Nursing students in San Mateo Co. will soon be COVID-19 vaccinators, helping cut down backlog

SAN MATEO COUNTY, Calif. (KGO) -- Nursing students in San Mateo County will soon start helping administer coronavirus vaccines following ABC7's push to get the state involved.

"It's a huge, huge relief," said Janis Wisherop, the interim director for the nursing program at College of San Mateo or CSM. "I don't cry much, but I've had some healthy cries in being grateful."

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Wisherop contacted the ABC7 I-Team with a problem.

"We have the students out there ready to work," she said. "But, the county won't respond."

In her role, Wisherop oversees 100 nursing students who are qualified to administer vaccines and need to complete clinical hours. But, she says over the past four months the San Mateo County Health Dept. never got back to her requests. Following our story, that's changing.

"The announcement got everybody's attention," she said. "It got that ball rolling, it was really instrumental, and I'm really grateful."

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As another California region reaches near-zero remaining ICU capacity, Gov. Gavin Newsom said the state is taking an "all hands on deck" approach to administering the COVID-19 vaccine.



Wisherop says the plan is to have CSM become the next mass vaccination site in the county. She hopes to have 10 to 15 vaccination stations inside the school auditorium to allow for at least 1,000 doses to be administered per day. The county is expected to review the plan for CSM's vaccination site on Friday. If approved, it could open starting next week.

"That exposure will help get many counties engaging with nursing programs and other allied health programs," she said.

Wisherop noted other nursing programs at Santa Rosa Junior College in Sonoma County and De Anza College in Santa Clara County are now allowing students to start administering vaccines. She hopes the rest of the state will follow suit.

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ABC7 asked the Governor on Tuesday.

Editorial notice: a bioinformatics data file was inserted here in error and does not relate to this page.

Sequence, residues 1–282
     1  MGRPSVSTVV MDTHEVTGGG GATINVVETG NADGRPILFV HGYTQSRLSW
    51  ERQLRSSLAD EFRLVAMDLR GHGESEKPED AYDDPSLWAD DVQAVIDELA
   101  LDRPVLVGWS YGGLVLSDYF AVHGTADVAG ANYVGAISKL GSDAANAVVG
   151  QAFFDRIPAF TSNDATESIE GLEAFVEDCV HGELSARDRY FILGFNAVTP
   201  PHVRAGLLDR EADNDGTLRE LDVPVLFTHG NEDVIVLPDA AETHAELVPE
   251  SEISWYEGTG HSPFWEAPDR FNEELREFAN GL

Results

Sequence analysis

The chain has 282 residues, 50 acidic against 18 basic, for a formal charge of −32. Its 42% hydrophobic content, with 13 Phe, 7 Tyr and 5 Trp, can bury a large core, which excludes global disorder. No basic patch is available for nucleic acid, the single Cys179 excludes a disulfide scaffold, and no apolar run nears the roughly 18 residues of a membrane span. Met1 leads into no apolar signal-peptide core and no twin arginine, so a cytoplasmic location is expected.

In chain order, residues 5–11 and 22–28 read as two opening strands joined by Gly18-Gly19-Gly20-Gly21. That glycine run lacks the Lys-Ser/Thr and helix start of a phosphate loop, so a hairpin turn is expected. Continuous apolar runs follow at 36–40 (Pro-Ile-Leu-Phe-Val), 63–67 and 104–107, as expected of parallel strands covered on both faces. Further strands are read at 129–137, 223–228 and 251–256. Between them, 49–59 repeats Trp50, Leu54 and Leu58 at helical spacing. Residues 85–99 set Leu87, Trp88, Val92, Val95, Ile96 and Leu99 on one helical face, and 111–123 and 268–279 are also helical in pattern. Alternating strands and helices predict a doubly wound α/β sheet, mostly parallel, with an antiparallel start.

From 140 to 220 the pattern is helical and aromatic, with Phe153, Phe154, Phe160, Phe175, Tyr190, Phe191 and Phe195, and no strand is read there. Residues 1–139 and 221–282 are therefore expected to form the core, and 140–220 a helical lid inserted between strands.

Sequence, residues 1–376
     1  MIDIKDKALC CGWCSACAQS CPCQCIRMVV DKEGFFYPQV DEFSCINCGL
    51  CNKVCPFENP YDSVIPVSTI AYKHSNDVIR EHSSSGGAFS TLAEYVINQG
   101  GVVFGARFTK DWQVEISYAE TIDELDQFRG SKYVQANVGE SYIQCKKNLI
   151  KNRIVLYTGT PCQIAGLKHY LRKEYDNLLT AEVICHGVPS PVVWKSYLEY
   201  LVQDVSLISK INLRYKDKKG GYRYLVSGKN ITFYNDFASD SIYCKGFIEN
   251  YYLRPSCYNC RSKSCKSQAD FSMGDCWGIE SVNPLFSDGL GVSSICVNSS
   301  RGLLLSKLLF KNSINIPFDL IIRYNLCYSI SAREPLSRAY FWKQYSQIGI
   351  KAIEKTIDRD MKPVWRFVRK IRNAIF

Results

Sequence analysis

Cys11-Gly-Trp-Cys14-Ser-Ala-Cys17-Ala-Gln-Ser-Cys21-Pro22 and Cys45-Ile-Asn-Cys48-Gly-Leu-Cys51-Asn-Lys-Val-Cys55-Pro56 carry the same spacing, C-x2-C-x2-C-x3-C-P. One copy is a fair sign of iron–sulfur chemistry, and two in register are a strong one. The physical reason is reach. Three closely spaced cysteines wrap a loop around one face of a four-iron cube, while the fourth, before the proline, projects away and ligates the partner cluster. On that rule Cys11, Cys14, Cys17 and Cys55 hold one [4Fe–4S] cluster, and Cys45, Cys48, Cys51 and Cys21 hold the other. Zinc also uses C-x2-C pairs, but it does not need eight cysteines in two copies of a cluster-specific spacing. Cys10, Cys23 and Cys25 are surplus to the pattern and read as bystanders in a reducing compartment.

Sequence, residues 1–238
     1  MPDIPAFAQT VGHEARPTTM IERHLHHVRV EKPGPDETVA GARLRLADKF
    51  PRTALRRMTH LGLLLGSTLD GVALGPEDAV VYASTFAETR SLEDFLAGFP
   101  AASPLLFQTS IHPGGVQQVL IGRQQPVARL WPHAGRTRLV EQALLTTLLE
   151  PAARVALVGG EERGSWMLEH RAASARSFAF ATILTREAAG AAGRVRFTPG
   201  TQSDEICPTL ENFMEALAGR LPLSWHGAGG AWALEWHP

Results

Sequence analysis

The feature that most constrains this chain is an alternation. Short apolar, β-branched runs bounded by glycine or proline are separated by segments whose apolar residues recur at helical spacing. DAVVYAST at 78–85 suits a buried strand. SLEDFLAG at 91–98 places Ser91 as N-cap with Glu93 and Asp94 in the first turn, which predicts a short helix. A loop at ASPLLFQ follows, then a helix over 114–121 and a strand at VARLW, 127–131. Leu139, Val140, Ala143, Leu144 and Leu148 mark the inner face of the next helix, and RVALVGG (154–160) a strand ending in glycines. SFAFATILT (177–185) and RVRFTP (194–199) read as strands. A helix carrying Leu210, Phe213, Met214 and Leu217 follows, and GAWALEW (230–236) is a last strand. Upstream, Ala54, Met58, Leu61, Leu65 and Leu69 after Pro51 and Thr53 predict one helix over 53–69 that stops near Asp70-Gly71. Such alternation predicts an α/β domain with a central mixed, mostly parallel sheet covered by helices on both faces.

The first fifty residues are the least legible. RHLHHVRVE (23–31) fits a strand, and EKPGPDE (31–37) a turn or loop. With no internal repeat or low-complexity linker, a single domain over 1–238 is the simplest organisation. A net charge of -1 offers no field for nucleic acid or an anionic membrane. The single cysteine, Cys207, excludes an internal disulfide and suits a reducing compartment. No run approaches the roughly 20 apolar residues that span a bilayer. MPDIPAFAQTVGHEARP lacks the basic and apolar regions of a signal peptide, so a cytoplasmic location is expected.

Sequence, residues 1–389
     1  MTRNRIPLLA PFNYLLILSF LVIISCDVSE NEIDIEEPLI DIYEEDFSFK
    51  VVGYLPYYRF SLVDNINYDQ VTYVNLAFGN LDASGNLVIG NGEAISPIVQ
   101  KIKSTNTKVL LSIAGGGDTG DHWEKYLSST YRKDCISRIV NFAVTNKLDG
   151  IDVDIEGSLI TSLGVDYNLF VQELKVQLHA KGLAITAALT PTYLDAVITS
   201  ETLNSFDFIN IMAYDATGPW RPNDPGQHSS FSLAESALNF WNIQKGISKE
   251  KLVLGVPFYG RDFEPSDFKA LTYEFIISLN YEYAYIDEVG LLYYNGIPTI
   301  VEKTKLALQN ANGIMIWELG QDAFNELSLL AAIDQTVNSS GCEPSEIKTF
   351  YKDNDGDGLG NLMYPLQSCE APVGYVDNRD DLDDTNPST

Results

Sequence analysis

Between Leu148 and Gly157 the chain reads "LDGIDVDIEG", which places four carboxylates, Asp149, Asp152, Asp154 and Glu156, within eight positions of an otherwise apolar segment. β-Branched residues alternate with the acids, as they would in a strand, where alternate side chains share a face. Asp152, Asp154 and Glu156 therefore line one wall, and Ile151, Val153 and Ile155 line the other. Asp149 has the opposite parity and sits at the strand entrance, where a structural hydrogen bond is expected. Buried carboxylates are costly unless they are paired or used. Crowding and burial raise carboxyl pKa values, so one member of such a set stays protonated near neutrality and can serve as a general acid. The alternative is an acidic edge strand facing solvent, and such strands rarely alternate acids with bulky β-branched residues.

"We've been in touch with the state board of registered nursing with hopes to allow 30,000 nursing students, who've just been trained and certified to help administer vaccines, to help aide the backlog. Would you consider that?" ABC7's Stephanie Sierra asked.

"Yes, in fact, enthusiastically so," Newsom said. "Our fire agencies and our nursing schools will be essential and critical."

California's Health and Human Services Secretary Mark Ghaly agreed.

"This is a perfect way to match both that experience and support the state in the fight against COVID," Ghaly said referring to nursing students.

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Sharon Goldfarb, the President of the California Association of Associate Degree Nursing is worried it will be all talk.

"We really want it to be more than just a soundbite," Goldfarb said. "We want the details of how, when, where, and who."

It's crucial help as California's distribution backlog is widening.

2.9 million COVID-19 vaccine doses have been shipped to the state, yet only 26 percent have been used. That's down from 31 percent reported Tuesday, according to state data.

Gov. Newsom announced this week 14 new vaccinator categories including a variety of specific healthcare roles like physician assistants, nurse midwives, and psychiatric technicians. This is in addition to pharmacists, dentists, and 15 National Guard strike teams.

The California Department of Public Health told ABC7 they are working on how nursing students will be recruited to help administer vaccines moving forward.

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